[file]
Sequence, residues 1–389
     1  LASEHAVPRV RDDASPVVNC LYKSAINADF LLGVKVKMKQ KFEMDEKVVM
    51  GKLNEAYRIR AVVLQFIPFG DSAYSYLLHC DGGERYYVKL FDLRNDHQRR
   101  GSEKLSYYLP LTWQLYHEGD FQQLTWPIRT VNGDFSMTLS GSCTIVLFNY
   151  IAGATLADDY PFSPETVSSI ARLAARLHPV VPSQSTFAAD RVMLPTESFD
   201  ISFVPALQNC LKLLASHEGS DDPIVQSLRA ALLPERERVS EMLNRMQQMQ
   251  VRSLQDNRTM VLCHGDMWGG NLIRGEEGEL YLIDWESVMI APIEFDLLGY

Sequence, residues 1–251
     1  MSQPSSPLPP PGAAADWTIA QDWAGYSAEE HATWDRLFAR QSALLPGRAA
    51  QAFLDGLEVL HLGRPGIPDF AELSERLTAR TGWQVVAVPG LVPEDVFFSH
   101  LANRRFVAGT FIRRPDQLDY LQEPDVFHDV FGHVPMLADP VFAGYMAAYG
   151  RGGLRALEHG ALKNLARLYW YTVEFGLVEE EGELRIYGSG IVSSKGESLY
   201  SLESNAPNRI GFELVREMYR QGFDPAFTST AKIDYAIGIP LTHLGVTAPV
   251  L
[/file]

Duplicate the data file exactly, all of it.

Sequence, residues 1–389
     1  LASEHAVPRV RDDASPVVNC LYKSAINADF LLGVKVKMKQ KFEMDEKVVM
    51  GKLNEAYRIR AVVLQFIPFG DSAYSYLLHC DGGERYYVKL FDLRNDHQRR
   101  GSEKLSYYLP LTWQLYHEGD FQQLTWPIRT VNGDFSMTLS GSCTIVLFNY
   151  IAGATLADDY PFSPETVSSI ARLAARLHPV VPSQSTFAAD RVMLPTESFD
   201  ISFVPALQNC LKLLASHEGS DDPIVQSLRA ALLPERERVS EMLNRMQQMQ
   251  VRSLQDNRTM VLCHGDMWGG NLIRGEEGEL YLIDWESVMI APIEFDLLGY

Sequence, residues 1–251
     1  MSQPSSPLPP PGAAADWTIA QDWAGYSAEE HATWDRLFAR QSALLPGRAA
    51  QAFLDGLEVL HLGRPGIPDF AELSERLTAR TGWQVVAVPG LVPEDVFFSH
   101  LANRRFVAGT FIRRPDQLDY LQEPDVFHDV FGHVPMLADP VFAGYMAAYG
   151  RGGLRALEHG ALKNLARLYW YTVEFGLVEE EGELRIYGSG IVSSKGESLY
   201  SLESNAPNRI GFELVREMYR QGFDPAFTST AKIDYAIGIP LTHLGVTAPV
   251  L